Best Question of the Night: Is this a poem?

One half of the way until our next workshop session at the Bixby Library, and we met to celebrate the holiday and catch up. A few of us brought gifts. We shared a beer, some pizza, and holiday cheer. Three of us read some recent work.


The best question of the night–my only criterion is the flurry of discussion it elicited from the group–was “Is this really a poem?” New poets lacking confidence in their intuition often get caught up in this doubt. When I explain poetry, I always refer to June Jordan’s guidelines for critiquing a poem. She provides a succinct, practical, empowering defintion. The three tenets to her definition: a place for truth, maximum impact with a minimum of words, a precision of language.


These tenets push the reader to the conclusion that poetry is made, it is crafted. Jordan, of course, was positioning herself in a movement that rejected certain assumed rules for poetry parallel to the rejection of other white, Euro-centric traditions, and this makes it no less meaningful. That position, though, does preclude certain obvious follow-up quesions, like: ‘so, you mean you don’t need lines or anything?’ At its core, poetry demands no line breaks, no.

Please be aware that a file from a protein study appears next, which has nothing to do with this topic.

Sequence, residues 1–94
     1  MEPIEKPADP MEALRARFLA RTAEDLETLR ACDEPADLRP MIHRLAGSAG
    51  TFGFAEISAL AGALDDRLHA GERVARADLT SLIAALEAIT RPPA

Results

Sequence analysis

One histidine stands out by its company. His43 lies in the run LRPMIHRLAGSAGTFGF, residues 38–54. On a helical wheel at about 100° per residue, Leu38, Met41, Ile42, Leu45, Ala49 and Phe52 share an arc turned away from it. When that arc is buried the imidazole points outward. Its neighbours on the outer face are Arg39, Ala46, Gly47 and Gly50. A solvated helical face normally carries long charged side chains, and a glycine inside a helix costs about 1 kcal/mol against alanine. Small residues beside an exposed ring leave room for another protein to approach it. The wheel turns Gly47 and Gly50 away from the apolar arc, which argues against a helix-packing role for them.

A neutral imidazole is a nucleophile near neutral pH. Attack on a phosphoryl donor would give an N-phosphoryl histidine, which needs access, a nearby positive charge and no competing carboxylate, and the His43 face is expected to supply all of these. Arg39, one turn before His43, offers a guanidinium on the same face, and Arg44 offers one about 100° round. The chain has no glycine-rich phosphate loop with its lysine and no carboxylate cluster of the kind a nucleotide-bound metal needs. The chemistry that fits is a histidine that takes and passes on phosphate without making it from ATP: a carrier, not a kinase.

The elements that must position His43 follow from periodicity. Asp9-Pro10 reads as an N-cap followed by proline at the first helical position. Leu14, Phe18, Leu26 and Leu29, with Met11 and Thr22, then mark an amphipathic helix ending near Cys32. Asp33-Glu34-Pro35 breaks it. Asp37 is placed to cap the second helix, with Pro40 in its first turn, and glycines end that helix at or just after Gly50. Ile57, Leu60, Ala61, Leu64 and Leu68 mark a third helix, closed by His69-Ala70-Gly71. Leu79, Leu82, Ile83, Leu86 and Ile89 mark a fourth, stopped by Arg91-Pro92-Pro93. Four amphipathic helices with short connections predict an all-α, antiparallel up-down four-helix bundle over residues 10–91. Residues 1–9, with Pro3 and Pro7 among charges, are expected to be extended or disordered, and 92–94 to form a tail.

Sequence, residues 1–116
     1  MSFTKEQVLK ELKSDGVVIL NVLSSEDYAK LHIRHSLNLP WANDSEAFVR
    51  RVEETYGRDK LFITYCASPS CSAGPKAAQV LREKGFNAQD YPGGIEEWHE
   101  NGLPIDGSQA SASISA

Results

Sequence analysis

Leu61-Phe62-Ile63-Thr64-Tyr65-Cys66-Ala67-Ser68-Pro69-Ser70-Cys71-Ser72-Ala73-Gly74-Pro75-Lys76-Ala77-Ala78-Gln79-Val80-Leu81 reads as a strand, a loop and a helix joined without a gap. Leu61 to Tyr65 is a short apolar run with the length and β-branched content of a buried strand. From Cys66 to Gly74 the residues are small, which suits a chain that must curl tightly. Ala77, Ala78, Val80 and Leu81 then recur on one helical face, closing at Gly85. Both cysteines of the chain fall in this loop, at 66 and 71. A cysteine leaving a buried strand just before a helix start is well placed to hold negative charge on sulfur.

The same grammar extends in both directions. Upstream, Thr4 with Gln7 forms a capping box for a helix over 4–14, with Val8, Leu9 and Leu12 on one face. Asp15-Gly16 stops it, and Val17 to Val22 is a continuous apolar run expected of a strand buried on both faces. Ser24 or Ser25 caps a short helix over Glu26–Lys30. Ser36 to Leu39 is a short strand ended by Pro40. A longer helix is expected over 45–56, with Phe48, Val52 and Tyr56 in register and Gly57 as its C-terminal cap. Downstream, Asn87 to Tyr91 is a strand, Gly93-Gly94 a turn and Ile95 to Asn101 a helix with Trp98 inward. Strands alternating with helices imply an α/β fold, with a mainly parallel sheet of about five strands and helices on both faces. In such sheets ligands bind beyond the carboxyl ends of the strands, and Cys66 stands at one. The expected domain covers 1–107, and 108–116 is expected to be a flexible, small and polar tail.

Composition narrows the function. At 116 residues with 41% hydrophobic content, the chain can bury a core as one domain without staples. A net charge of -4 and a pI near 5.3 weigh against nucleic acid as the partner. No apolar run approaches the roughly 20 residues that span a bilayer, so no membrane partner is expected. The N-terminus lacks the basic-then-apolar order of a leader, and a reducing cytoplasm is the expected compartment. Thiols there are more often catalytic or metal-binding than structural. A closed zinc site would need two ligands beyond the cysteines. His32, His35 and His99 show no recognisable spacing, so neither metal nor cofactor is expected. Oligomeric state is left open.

Poetry’s heart for Jordan and for me is that it expresses a subjective truth of the poet’s experience, that the poem does so with a minimum of language to create maximum impact, and that there is a precision of language. The second two ideas move together. Choice and arrangement of words are conscious crafting of language. This conscious crafting is part of the creative process of poetry.


If you want it to be a poem, make it a poem. Think about language, revel in the tactile pleasure of reading the words, precisly choose to say what you mean.